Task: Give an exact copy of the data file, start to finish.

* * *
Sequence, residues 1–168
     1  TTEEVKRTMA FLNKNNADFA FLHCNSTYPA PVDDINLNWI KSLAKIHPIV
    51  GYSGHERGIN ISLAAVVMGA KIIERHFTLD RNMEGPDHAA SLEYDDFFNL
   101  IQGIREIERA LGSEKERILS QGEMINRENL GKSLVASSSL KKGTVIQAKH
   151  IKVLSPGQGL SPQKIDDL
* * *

Sequence, residues 1–168
     1  TTEEVKRTMA FLNKNNADFA FLHCNSTYPA PVDDINLNWI KSLAKIHPIV
    51  GYSGHERGIN ISLAAVVMGA KIIERHFTLD RNMEGPDHAA SLEYDDFFNL
   101  IQGIREIERA LGSEKERILS QGEMINRENL GKSLVASSSL KKGTVIQAKH
   151  IKVLSPGQGL SPQKIDDL